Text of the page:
Name: Matt Biffa
Occupation: Music Supervisor
Bands/Projects: “Harry Potter”/ “Snatch”/ “Filth”/ “Seven Psychopaths”/ “Paddington”/ “Fresh Meat”
Film/series recommendations: “Breaking Bad”/ “American Hustle”
When did you start as a music supervisor and what were your early passions and influences? What drew you to film music in the first place?
My first ever job in the music was here at Air Edel, prior to that I was working on a landfill site driving a dump truck. I was about 26, which is old for the music industry, and I knew I wanted to get into the industry but I didn't have a clue about how to do it. I applied for an ad in The Guardian for a receptionist at a busy music production company. I didn't know what that was exactly, but it had the word 'music' in it so I thought well - what is there to lose?
I got the job. I didn't know there was such a job as a music supervisor so I had no ambition to become one. The head of production Peter Waygood realised by accident that I knew quite a lot about music, so he got me finding material for commercials. That's how I started putting music to picture. Back then, you worked on cassette, you had the visuals on U-matic and then you would use a pencil to cue the cassette, very much trial and error.
What do you personally consider to be incisive moments in your work and/or career?
An incisive moment was when I did my first proper film, called “Bodywork”. It starred Kate Winslet's sister Beth and that was a quiet, low pressure way to start. I was shown how to clear a song and sent on my way. When I did my next film, “Whatever Happened to Harold Smith" in 1999, it was a bigger feature and offered every aspect of the job that I could have hoped for. I was working with Gizz from the Prodigy to get original songs written. Harry Gregson-Williams scored the film so I was in the scoring sessions and all that kind of stuff. It was also a period film, set in 1977, that straddled disco and punk, so I did a lot of research into those genres and found myself clearing “Anarchy in UK” and “Night Fever”. At the time I cleared them for really low fees, which I didn't know at the time, but I have since learned that I'm quite good at that side of things. I made some mistakes on that film. I hadn't included the US in the “Anarchy in the UK” master clearance, and so had to get that done just before the final mix when the budget had already been firmly established. It could have been a disaster.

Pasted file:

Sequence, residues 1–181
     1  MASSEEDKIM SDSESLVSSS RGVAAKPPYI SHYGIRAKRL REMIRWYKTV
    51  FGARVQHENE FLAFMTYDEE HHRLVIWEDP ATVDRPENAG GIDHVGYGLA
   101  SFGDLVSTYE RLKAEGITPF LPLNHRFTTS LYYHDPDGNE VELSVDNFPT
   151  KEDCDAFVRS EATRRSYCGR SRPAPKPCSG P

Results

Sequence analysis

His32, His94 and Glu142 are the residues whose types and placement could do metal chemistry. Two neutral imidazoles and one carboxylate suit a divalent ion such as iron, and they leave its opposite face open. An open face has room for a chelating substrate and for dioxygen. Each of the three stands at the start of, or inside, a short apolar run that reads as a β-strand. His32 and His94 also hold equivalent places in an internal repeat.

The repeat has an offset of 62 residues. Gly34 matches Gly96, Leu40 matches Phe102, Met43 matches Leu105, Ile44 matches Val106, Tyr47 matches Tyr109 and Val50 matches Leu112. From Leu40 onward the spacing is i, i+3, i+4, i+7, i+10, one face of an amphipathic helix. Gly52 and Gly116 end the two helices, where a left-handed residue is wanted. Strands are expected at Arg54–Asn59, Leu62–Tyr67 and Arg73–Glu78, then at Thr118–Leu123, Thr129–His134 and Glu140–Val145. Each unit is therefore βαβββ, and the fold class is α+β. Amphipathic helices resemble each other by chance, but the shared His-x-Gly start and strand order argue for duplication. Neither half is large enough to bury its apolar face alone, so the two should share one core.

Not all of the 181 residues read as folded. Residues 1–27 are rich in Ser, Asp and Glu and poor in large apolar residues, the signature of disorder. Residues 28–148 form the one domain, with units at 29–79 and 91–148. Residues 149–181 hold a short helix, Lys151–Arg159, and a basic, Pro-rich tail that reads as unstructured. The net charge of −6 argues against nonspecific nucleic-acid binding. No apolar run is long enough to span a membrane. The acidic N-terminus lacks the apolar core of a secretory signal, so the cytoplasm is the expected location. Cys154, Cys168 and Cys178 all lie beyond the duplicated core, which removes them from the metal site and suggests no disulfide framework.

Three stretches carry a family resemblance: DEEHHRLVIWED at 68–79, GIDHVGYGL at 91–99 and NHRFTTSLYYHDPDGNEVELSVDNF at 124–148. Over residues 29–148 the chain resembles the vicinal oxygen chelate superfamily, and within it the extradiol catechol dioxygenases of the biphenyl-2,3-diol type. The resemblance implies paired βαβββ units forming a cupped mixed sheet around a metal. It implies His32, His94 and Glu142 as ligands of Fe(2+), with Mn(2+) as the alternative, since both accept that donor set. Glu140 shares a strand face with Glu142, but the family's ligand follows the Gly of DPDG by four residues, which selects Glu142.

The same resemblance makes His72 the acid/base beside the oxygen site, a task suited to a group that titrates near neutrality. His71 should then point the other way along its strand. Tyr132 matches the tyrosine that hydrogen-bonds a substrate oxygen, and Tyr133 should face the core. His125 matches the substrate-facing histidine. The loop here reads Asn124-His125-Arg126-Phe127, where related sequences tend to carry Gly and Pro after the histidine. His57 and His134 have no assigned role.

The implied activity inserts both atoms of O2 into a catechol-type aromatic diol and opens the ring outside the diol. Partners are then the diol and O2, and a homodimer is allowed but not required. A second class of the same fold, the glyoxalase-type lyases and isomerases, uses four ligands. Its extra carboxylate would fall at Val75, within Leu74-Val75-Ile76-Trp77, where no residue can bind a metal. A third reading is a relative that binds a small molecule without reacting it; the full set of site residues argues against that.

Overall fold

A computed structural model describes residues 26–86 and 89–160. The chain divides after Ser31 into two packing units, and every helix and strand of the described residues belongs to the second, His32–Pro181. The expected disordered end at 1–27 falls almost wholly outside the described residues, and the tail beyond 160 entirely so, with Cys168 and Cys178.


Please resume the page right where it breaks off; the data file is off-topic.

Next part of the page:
What were the main challenges in your role in the beginning and how have they changed over time?
The main challenge has always been that there's never enough money in the music budget. It used to be that you could get 150 grand or something like that to clear a set of songs, but now it can be as low as 20 or 40 and that's a dire situation. Everything comes back to budget.
With every film it's a battle between the director's ambitions and the reality of what can be achieved. Directors take a really poor view of you coming back to them and saying that the song has been denied because they want another 20 thousand more than we have.
There are some estates that never undersell or undervalue their music. The Irving Berlin estate for example are very savvy, they know the value of key copyrights. Led Zeppelin will also never undersell their catalogue. But there are other bands who are really helpful and will take the view that if they like the project, then they're open to a good deal.
Other times there are things like copyright disputes where one publisher says they have 75% of the copyright and another publisher is claiming 50%, which doesn't tally. What you should be able to do is get approval, put the money into an escrow account, let them fight it out and when they've decided who gets what, they can take the payment. But it never works like that because it can create a precedent where someone is admitting that they might have the wrong share, and when that's been admitted then they're open to more disputes about ownerships.